A Silver Spring laboratory is producing antibodies for a new herpes test that will be available in hospitals, clinical chemistry laboratories and physicians' offices by the end of the year.

Results of the new test will be available faster and at a significantly lower price than previous procedures, according to officials of the parent company, Electro-Nucleonics Inc. of Fairfield, N.J. ENI's cell science laboratory is on Tech Road in Silver Spring, and its warehouse and distribution center is in Columbia.

Current herpes tests require live virus from an existing infection to be grown in tissue culture for several days. But ENI's direct-smear test can use samples taken directly from the patient, can detect dead as well as living virus, and can produce results in less than an hour. It is the first direct-smear herpes test with monoclonal antibodies, according to Dr. Sean O'Neill, director of ENI's life science technology operations in Maryland. Monoclonal antibodies are produced from a single cell source rather than from a population of cells, as are other antibodies. This yields an infinite number of identical antibody-producing cells.

The technical director of the lab, Dr. Dan Zimmerman, described how ENI produces monoclonal antibodies:

A mouse is inoculated with herpes virus. The cells producing the antibodies--large proteins that fight the virus--are separated under a microscope.

Each antibody cell is fused with another cell to assure that it will continue reproducing indefinitely, and nutrients are added.

Antibodies created by the cells are separated in centrifuges, stabilized and then freeze-dried.

A proprietary process for which ENI has filed a patent application gives the monoclonal antibodies unique properties that make their use in a direct-smear test possible, ENI officials said.

ENI, which was founded in 1960, has a subsidiary, Princeton Biomedics, in Princeton, N.J., and facilities in Germany and The Netherlands for sales, service, distribution and trading. Its stock is traded over the counter.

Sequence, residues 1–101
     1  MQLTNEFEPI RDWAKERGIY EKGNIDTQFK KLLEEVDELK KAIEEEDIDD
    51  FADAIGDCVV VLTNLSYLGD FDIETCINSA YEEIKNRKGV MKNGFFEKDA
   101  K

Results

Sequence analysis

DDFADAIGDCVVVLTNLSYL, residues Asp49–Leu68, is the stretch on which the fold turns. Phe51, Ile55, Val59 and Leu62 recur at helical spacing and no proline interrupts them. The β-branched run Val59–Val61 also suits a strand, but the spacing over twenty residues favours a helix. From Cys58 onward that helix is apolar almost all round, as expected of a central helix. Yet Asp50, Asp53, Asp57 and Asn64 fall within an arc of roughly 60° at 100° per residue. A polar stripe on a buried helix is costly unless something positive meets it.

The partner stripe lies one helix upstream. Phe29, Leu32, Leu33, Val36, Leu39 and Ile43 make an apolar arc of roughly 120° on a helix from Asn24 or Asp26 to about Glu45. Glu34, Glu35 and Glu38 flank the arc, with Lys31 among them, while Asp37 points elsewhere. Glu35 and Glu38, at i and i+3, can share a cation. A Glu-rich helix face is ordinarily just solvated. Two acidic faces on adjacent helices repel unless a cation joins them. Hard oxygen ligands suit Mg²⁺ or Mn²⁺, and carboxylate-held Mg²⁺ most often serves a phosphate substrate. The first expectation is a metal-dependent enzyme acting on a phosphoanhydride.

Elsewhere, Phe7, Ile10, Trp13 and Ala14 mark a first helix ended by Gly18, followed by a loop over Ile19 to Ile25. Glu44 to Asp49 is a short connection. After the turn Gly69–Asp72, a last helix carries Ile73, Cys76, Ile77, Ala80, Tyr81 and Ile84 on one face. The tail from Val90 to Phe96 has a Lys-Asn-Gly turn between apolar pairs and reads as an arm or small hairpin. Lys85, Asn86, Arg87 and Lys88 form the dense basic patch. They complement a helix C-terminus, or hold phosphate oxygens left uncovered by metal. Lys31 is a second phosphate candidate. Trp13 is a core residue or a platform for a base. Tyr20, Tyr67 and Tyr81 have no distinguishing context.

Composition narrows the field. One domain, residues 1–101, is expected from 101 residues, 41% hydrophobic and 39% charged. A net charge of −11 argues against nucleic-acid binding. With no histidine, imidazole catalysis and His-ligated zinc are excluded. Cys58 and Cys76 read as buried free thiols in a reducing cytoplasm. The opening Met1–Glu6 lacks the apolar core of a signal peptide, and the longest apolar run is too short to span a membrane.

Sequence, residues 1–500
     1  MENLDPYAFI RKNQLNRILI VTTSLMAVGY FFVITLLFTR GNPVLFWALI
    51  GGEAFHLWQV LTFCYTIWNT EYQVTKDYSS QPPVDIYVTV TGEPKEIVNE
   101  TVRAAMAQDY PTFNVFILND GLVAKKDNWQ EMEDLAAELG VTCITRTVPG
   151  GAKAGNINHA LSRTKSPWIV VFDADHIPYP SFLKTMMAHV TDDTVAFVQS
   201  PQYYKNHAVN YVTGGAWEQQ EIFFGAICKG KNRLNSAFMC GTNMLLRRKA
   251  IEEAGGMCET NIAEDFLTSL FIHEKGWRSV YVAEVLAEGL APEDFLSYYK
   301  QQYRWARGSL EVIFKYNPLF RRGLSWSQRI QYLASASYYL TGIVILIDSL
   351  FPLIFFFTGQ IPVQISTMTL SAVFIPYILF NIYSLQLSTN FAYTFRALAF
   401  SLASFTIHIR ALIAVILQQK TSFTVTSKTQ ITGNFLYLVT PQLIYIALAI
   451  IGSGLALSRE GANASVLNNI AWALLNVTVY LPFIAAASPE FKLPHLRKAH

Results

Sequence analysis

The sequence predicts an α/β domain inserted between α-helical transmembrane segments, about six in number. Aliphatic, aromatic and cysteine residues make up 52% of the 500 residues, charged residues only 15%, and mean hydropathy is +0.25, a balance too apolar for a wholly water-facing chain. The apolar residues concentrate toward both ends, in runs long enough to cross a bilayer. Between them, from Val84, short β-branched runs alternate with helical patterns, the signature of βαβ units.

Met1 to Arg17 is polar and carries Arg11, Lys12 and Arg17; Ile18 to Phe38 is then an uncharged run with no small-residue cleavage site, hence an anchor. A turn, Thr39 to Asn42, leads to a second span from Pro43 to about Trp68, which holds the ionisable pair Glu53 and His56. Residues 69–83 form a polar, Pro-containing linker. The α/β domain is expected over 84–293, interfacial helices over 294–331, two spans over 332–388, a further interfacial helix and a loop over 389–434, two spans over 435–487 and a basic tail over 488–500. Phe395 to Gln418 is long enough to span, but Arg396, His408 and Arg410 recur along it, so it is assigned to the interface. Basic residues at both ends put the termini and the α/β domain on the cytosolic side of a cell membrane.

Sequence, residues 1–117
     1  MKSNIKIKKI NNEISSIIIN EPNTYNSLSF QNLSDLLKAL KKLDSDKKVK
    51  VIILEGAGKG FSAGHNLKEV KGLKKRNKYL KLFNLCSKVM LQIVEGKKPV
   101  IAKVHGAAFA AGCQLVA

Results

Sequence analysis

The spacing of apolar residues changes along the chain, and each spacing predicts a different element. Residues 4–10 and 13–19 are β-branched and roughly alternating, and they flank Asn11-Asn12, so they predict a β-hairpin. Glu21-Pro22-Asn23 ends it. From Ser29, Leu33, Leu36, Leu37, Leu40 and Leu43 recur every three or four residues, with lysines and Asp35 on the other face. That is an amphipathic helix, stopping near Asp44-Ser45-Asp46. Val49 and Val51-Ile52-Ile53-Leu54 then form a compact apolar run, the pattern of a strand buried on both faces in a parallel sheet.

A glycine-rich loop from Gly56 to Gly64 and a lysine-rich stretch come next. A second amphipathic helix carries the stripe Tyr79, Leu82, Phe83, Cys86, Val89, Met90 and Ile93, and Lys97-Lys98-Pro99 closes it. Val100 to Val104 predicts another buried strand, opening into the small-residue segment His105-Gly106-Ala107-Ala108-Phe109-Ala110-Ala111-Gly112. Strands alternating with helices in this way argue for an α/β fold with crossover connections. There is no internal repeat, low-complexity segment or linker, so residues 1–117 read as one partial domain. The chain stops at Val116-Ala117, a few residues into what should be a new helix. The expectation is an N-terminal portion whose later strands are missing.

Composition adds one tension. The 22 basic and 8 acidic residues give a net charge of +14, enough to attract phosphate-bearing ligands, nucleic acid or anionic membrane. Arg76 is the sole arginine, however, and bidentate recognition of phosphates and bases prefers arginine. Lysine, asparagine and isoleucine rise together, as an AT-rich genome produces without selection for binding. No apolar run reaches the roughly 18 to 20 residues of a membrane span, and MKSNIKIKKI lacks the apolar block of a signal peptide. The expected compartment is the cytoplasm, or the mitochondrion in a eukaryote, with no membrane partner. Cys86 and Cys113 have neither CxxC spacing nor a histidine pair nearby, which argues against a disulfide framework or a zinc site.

ENI opened facilities in Bethesda in 1969, but moved some of them to Silver Spring in 1972 and the remainder to Columbia last year.

It had $43 million in revenue for the fiscal year ended June 30, compared with $37 million for the previous fiscal year. Net income rose from $1.6 million (51 cents a share) a year ago to $2.5 million (67 cents).

Clinical blood chemistry analyzers and the reagents used in them are ENI's main business. Just as Eastman Kodak Co. is interested more in selling film than cameras, or Gillette more in selling blades than razors, ENI is interested more in selling reagents and other consummables than the hardware that uses them.

But it does sell hardware, including ultra-high-speed laboratory centrifuges and clinical chemistry blood analyzers, its main line of business. The smallest blood analyzer, the GEMSTAR, is for a physician's office, while larger models are for private labs or hospitals. The GEMSTAR is the only analyzer for a physician's office that performs 12 common blood tests, according to Richard Abajian, secretary-treasurer and the brother of ENI's chairman, chief executive officer and founder, Vincent Abajian.

"We found that a physician doing as little as two or three test profiles a day can justify" buying a GEMSTAR, said Kevin Crowley, who directs ENI's Maryland sales of diagnostic products. He said more than 50,000 physicians do their own testing, but 35 percent of GEMSTAR sales have been to those physicians who hadn't done their own tests before.

"We see medicine in the future expanding from the hospital and lab into physicians' offices," Crowley said. The company tells doctors that, by doing their own blood analyses, they can cut the wait for the results of standard tests from one or two days to a matter of minutes.

"We envision ENI achieving $100 million in sales within five years," Abajian said, adding that the company foresees a large expansion in the field of biotechnology. He said that ENI and pharmaceutical houses are discussing joint production of home tests for infectious diseases.

The Silver Spring lab is a maze of carefully sealed rooms filled with researchers and technicians doing careful, exacting work. But Sue Croson of Gaithersburg, an ENI research assistant, has injected a touch of humor by displaying a poster from Research Organics, a pharmaceutical house.

It features drawings of friendly, blobby creatures and a slogan that is a pun on the title of a Stephen Sondheim song: Send in the Clones.

Don't bother, here.